JLS’ usual formula of function over form is apparent, but that doesn’t mean this season is laid-back, as the label has been able to combine something daring with approachability. Take the chaps, for example. In their completed guise, the pair sees leather shorts suspended to denim jeans with chap-like skin-showing moments in between, but when detached from their denim belted holsters the shorts can easily be worn alone, eschewing any kind of fetishized connotation.
Yet, the fetish motifs continue to appear throughout with upside-down pentagrams forming the back of tanktops and glossy black pleather being used to construct body-covering mac coats with hoods. Some pieces draw inspiration from the German artist Annegret Soltau, whose photomontages of torn pictures that are sewn together to recreate people’s faces influence a leather jacket that’s been haphazardly cracked with a burn-like technique. Worn with a spider web knit and Soltau’s sporadic attitude is explored further, while also nodding to the dark undertones that are littered throughout JLS SS23.
Baggy denim, brought back from the JLS archives, are inspired by the choreographer Akram Khan thanks to their rethought “balance and design” that sees the pants fit and sit on the body more relaxed. Zipped pockets on sweaters and cut-outs on elbows are somewhat voyeuristic, while the convertible zips on the bomber jacket transcend this, taking JLS into a technical new realm indebted by streetwear cues.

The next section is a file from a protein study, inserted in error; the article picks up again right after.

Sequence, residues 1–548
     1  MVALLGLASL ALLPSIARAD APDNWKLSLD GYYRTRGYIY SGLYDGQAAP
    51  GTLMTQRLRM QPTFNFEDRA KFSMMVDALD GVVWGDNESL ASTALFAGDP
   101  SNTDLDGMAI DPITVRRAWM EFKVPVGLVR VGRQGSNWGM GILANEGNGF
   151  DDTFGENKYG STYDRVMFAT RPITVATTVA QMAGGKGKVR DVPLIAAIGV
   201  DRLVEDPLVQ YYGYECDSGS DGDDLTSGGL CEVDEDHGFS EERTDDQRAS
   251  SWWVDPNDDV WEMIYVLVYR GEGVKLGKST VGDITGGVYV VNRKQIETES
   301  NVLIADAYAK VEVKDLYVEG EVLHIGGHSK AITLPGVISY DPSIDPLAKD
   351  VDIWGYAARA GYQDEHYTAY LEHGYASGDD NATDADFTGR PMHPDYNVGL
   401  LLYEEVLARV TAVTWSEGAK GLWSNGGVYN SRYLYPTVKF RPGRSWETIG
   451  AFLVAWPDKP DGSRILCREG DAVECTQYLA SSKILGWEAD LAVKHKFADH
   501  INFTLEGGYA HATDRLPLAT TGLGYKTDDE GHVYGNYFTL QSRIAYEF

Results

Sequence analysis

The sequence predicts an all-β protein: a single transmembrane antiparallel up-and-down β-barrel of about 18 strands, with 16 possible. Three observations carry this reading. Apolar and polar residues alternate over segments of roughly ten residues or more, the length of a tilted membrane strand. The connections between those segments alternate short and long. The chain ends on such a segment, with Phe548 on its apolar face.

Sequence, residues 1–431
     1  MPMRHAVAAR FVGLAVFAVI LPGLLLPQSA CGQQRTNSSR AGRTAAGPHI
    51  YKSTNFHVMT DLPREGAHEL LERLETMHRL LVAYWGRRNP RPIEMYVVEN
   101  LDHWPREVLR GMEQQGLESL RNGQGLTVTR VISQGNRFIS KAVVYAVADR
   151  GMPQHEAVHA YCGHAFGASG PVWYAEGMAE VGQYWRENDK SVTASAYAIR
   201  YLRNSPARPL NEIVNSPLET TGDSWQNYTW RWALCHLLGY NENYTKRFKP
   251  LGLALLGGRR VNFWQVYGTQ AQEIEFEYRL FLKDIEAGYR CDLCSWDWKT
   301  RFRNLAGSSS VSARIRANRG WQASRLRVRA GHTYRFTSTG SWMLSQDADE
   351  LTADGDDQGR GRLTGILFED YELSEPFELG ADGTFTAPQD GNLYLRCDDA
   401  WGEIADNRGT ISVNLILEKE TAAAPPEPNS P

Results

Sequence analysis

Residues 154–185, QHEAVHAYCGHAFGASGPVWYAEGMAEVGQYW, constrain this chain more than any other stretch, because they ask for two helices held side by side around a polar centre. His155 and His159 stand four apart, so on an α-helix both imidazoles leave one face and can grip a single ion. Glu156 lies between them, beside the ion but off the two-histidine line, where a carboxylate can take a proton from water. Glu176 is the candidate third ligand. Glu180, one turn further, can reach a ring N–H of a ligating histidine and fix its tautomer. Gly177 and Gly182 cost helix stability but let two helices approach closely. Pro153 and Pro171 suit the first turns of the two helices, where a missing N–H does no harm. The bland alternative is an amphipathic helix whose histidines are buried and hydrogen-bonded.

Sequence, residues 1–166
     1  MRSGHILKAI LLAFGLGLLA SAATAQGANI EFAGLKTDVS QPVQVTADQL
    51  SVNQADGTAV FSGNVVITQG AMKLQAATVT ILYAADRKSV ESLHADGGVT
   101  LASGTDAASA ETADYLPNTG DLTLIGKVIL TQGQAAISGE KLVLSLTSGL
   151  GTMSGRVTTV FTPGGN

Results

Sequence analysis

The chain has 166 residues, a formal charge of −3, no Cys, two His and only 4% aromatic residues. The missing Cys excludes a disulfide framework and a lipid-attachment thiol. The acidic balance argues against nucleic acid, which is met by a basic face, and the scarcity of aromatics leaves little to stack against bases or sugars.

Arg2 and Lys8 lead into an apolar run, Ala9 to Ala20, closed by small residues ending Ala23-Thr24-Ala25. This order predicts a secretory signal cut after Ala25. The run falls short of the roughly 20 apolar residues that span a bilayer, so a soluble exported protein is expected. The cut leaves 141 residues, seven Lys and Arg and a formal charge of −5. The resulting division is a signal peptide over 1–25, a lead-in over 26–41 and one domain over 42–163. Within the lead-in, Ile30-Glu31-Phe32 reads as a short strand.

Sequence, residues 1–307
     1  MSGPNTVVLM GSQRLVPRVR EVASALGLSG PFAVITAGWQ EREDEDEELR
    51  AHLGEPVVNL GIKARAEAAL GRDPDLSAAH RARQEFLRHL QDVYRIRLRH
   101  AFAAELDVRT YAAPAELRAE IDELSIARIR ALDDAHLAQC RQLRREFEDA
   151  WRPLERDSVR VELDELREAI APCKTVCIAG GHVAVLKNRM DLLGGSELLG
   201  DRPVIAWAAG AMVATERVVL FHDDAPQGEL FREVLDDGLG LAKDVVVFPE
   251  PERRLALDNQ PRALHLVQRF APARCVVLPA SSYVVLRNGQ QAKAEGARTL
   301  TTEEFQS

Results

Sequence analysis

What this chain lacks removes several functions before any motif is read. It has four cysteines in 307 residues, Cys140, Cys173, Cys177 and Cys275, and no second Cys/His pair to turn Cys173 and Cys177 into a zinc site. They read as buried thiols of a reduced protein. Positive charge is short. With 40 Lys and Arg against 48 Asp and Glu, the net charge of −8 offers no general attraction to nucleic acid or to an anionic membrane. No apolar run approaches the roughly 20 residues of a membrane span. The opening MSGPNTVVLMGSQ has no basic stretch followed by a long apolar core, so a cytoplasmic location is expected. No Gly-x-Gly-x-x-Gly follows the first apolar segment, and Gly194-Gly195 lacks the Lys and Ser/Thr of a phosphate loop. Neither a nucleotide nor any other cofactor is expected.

As for womenswear, proportions are executed with chaotic amounts of precision, enabling the pants to come up to the bust and meet a denim bustier corset, altogether subverting your average denim jacket. This continues the JLS themes of kink and fetishization, while cuts are explored yet again with the women’s suit that works suspenders into a pair of high-waisted trousers and a cropped sleeveless blazer.
Overall, the latest JLS collection sees the brand double-down on its newfound confidence, seen in its previous collection that also served dark energy. You can explore the John Lawrence Sullivan SS23 “PROGRESSION” collection in the gallery above.
For something a bit lighter, check out St. Vincent’s ’70s-tinged collaboration with GANT.